Today in my Current Issues in Urban Mission class we discussed the social and theological reasons for mission. While we spent most of the time discussing the theological foundations for mission I was struck with many thoughts, too many to discuss here. However, one that is particularly sticking with me is the concept of equity in the Kingdom of God. While discussing love, we used the parable of the Good Samaritan as an example. My professor Al's friend, Jeffrey, pointed out that the good Samaritan refused to see the others through the divisive paradigms of the world, but rather saw both himself and the man in need through the eyes of God - the paradigm of the Kingdom. This allowed the Samaritan man to see the need and see the opportunity to love. He was not inhibited by his ethnicity or social norms.
This is really sticking with me because I have lately been pondering the way we perceive others: the way we judge others according to social stratifications, looks, talents, what a person can do for me, etc. Why can't I just see people for the plain human beings they are? In addition to the Samaritan, an example fresh on my mind is that of Prince Myshkin in Fydor Dostoevsky's The Idiot. I just read this book this summer and it has caused me to consider more closely the way Jesus treated other human beings. In the novel, Prince Myshkin displays an unprecedented ability to meet people in their vanity, deceit, greed, and lust, without dehumanizing or judging them! Both Prince Myshkin and the Samaritan man are incredible examples of people who simply treat others as real human beings - not based on any prerequisites, but simply as children of God, a brother or sister in the family of God.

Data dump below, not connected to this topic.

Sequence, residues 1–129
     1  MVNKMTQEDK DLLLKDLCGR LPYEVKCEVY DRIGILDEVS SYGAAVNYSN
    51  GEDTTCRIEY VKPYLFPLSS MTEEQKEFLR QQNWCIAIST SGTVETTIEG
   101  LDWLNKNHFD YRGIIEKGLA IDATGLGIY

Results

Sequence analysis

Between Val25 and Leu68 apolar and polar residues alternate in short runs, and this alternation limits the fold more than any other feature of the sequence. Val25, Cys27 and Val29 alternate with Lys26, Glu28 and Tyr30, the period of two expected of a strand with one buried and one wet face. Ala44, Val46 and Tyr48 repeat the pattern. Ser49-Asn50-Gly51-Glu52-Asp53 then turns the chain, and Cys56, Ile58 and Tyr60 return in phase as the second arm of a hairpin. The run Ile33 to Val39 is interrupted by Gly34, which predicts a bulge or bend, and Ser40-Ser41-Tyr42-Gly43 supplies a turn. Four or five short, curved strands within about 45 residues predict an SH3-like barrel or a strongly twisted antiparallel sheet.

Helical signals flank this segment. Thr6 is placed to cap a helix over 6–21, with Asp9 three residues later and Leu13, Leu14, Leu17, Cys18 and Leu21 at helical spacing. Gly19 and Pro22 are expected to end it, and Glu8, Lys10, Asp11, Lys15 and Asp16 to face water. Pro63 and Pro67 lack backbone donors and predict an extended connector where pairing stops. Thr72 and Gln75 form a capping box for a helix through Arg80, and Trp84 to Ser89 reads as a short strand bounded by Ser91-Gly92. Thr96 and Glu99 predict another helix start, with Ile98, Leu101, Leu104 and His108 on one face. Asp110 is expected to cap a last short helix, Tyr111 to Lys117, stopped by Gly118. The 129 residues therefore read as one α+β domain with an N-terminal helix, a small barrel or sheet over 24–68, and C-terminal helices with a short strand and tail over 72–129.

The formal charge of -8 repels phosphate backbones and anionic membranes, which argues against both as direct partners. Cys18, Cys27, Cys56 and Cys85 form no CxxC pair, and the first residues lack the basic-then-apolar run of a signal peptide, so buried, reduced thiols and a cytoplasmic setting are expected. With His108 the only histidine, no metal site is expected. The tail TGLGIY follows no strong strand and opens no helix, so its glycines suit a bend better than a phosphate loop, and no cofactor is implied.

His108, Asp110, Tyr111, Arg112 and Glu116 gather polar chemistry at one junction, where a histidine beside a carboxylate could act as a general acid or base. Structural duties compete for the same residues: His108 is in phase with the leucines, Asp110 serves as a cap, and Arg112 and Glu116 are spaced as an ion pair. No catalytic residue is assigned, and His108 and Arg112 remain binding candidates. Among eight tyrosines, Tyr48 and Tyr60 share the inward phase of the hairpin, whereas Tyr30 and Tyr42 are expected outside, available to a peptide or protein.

It is not enough to see others as defined by their need or with all the attached stigmas and social classifications. I want to see other human beings as they are: made in the image of God, and so valuable that God would give God's life for them.